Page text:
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Congratulations! You have made it to the final part of the vSphere Upgrade Series, Part 6: Upgrading vSphere Networking. To recap, I kicked off this series by reviewing our Upgrade prerequisites & compatibility, gathering our data, and Preparing to Upgrade. Next we continued by upgrading vCenter Server and migrating vSphere Update Manager (VUM) from vSphere 6.0 Update3 to 6.7. Continuing on from there we walked through preparing VUM with an Upgrade Baseline to remediate the vSphere ESXi hosts to vSphere 6.7. After the hosts were upgraded to vSphere 6.7 we moved on to upgrading VMware Tools and VM Compatibility followed by upgrading VMFS datastores.

Upgrading VDS

 

Virtual networking comes in as Step 6 in the overall vSphere Upgrade process. Because vSphere 6.7 is not compatible with vSphere 5.5 components, one requirement is making sure that the vSphere Distributed Switch (VDS) has been upgraded to at least a 6.x version during your upgrade journey. What I mean here is that since there is no upgrade path from 5.5 to 6.7 directly, the upgrade from 5.5 will bring you to 6.x before moving to 6.7. After getting up to vSphere 6.x and before upgrading to vSphere 6.7, you must update the VDS to a 6.x version. If this is not completed prior to upgrading your upgrade may fail.

When creating or updating a vSphere distributed switch in vSphere 6.7 you have 3 options or versions to move to.

  1. vSphere 6.0
  2. vSphere 6.5
  3. vSphere 6.6

Most updates to networking have been within ESXi itself, but some features require upgrading VDS as outlined above. When upgrading to VDS version 6.0 or 6.5 it’s quite simple and can be done with no disruption. However, when upgrading to VDS version 6.6 there are some considerations to take, KB52621 has considerations to review to prevent most issues.

 

Upgrading vSphere Networking

In my lab I will be upgrading a vSphere Distributed Switch (VDS) from version 6.0 to 6.6.

 

Step 1: First we will review what version the current VDS is running by viewing the Summary tab on the Networking screen. Once reviewed we will move to upgrading.

Upgrading vSphere Networking

 

Step 2: Here we click on the Upgrades Available link and can see an upgrade is needed.

Upgrading vSphere Networking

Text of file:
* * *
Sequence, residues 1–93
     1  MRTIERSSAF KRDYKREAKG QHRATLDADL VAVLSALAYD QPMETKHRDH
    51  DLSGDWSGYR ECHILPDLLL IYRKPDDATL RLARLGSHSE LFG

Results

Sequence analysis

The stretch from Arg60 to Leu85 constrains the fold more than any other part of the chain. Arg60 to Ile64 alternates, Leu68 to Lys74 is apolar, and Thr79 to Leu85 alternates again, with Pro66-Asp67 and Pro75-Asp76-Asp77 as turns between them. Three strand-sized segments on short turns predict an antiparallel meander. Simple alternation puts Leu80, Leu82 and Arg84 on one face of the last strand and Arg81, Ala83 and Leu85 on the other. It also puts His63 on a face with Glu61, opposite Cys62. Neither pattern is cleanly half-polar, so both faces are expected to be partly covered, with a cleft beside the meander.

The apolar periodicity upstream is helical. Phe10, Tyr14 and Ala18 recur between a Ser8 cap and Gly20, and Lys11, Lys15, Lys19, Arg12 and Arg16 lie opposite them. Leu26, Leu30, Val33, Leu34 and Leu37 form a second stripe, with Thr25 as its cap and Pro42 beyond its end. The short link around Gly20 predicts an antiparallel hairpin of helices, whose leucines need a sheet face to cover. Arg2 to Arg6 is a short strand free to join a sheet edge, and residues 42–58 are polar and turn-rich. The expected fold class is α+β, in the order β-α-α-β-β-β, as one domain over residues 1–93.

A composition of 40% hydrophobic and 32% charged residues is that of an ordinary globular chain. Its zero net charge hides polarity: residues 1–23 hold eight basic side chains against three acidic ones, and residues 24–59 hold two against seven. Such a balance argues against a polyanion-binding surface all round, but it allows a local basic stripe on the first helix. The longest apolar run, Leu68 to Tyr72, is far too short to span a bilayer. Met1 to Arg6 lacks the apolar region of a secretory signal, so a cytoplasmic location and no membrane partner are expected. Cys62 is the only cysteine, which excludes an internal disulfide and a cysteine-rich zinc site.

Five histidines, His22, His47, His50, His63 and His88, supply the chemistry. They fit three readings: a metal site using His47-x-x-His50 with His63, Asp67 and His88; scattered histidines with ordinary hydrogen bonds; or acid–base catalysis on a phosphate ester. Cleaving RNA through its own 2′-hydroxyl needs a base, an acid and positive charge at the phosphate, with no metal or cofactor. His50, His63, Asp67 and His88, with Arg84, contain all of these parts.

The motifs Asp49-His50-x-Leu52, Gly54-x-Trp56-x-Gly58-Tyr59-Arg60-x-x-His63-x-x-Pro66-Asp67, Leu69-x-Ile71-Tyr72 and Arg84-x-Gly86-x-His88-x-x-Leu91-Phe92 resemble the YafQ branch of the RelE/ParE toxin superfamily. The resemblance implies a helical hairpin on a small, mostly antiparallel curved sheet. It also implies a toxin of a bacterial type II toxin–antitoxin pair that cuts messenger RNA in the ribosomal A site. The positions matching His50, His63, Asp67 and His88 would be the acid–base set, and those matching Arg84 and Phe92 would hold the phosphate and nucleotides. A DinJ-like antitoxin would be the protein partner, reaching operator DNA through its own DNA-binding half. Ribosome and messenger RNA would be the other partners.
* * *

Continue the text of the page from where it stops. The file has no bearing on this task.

Step 3: Click on the Actions menu then browse to Upgrade, and choose Upgrade Distributed Switch

Upgrading vSphere Networking

 

Step 4: On the upgrade wizard, review the version choices by click on the “i” for more info. From here you can see the benefits that come with each VDS version. Once a selection is made, click Next to continue.

Upgrading vSphere Networking

 

Step 5: Once the switch upgrade completes, you can see the new version shown on the Summary tab of the Networking screen. The VDS upgrade is now finished.

 

 

Conclusion

Thats a wrap! From beginning to end of a vSphere Upgrade, component to component, screen by screen. I hope that this series has helped take some of the unknowns or complexity away from your vSphere Upgrade Journey. My job is to educate as well as help make things easier to understand and digest. If these blogs have helped in anyway, please leave a comment.

For review, please follow the below links to each part of the vSphere Upgrade Series:

Please do not hesitate to post questions in the comments section of this blog or reach out to me directly via Twitter @vCenterNerd.

Remember to always, Focus, Plan, and Execute!

About the Author

Nigel Hickey

Nigel Hickey is a Technical Marketing Engineer and VCIX7-DTM working for VMware R&D in the Cloud Platform Business Unit. In this role, he serves as a Subject Matter Expert for vSphere Upgrades as well as a trusted advisor for VMware customers and partners. His responsibilities include delivering vSphere Upgrade workshops, generating content, evangelism, collecting product feedback, and presenting at events. Nigel can be found blogging on nigelhickey.com or on Twitter via @vCenterNerd.